Breed evolution: Legend holds that the Prophet Mohammed, determined to test the devotion and courage of his Arabian mares, selected 100 of the best and deprived them of water for several days. Finally freed, they raced toward a nearby stream. But just as they reached their goal, Mohammed sounded his horn to summon them. Only five mares stopped and, ignoring their thirst, hastened back to their master. Those ancestral five were chosen as worthy mothers of this ancient, noble breed.
What's known is that Arabian horses were first domesticated in the Middle East more than 3,500 years ago. Originally, they were war horses. Their survival, and that of their owners', were dependent on the horses' stamina, courage, and strength. Discriminating owners allowed only horses that epitomized those characteristics to breed on.
Kind, tractable temperaments were just as important. Nomadic Bedouins shared their tents with treasured mares and foals. Over centuries, the Arabian horse remained remarkably pure. Selective breeding has customized their bodies to overcome harsh conditions on desert and mountain trails.
Arabians have one less vertebra than other breeds, just 23, and one less rib. Their short, strong backs allow them to carry heavy loads relative to their stature, which averages 14.1 to 15.2 hands high. Their thin skin and light muscling help heat and lactic acid dissipate rapidly. And, except for white markings, Arabians (even grays) have black skin, which resists sun damage.
Arabians also have well-sprung ribs and a deep heartgirth, which allows for exceptional lung capacity. And they tend to have greater bone and hoof density than other breeds, which, combined with relatively large feet, improves shock absorption on the trail. Arabian blood has been used to improve almost every modern equine breed, from Thoroughbred to Percheron.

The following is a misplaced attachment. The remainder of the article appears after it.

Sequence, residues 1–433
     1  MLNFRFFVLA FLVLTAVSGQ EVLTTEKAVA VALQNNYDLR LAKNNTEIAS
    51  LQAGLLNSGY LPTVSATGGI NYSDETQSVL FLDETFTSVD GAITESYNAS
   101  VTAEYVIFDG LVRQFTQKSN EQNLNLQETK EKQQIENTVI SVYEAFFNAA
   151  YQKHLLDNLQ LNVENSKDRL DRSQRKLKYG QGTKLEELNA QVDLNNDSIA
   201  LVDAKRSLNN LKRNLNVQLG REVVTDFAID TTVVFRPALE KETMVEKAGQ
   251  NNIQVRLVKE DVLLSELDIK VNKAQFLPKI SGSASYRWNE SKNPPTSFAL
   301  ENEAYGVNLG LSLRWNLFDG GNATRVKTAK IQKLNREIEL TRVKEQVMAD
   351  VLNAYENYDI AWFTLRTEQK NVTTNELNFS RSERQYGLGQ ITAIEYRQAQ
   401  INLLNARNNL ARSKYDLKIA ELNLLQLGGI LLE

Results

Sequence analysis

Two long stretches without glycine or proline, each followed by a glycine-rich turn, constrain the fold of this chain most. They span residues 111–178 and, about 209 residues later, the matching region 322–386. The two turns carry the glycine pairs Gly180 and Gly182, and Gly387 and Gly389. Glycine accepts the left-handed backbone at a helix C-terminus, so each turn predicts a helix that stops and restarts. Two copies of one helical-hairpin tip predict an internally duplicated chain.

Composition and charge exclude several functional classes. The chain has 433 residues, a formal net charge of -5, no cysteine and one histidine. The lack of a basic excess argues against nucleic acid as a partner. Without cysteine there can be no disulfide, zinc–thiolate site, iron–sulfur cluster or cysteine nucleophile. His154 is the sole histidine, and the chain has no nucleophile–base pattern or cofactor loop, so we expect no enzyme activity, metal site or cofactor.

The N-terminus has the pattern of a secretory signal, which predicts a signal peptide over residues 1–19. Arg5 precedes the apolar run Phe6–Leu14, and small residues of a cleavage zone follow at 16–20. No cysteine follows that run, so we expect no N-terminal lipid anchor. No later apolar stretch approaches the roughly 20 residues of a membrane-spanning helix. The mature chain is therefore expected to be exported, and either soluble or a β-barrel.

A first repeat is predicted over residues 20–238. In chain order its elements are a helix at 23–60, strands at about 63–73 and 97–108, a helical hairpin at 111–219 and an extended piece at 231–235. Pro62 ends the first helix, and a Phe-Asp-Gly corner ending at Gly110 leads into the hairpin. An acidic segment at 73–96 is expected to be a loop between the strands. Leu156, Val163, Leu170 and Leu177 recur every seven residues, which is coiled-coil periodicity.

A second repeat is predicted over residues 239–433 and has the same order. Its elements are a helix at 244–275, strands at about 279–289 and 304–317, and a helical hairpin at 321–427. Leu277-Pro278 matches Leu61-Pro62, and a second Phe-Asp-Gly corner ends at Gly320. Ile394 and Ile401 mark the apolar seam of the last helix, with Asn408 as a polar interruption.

The Arabian Horse Association, located in Aurora, Colorado, registers Arabians, Half-Arabians (those with a purebred sire or dam), and Anglo-Arabians (Thoroughbred/Arabian crossbreeds).
Owners tell us: Even though she'd long admired Arabians from afar, Darolyn Butler wasn't really acquainted with them until?she was 31 years old. She made a dramatic switch from her "cowgirl rodeo/horse-show life" into the endurance and?competitive trail riding worlds.
"Luckily, I had been accustomed to riding fairly spirited Quarter Horses, so the change to the likewise-spirited Arabian wasn't too challenging," says Butler. She quickly fell in love with the Arabian's "Maserati-type steering" and agility.
"Even crusty old cowboys who've spent their lives working on cattle and horse ranches, and have been introduced to the Arabians at my place, state that they'll never go back to the 'other breed' after riding an Arabian," says Butler.
Butler owns and runs Cypress Trails, an endurance, pleasure-riding, and boarding stable. The property adjoins some of the most scenic and challenging trails in Texas. She's ridden more than 30,000 miles of competition and more than 100,000 miles in training and rail riding. "I'm afraid I'd never be happy riding any other breed," she says of her Arabians.
Butler sees her horses as nothing short of amazing. In addition to trail riding all week, they regularly go on intense training rides and participate in endurance racing, many times at the international level, about once a month.
"These are the same horses that carry a 5-year-old on a trail ride or a white-knuckled 60-year-old on his first horseback ride," Butler says. "Pretty incredible animals I think."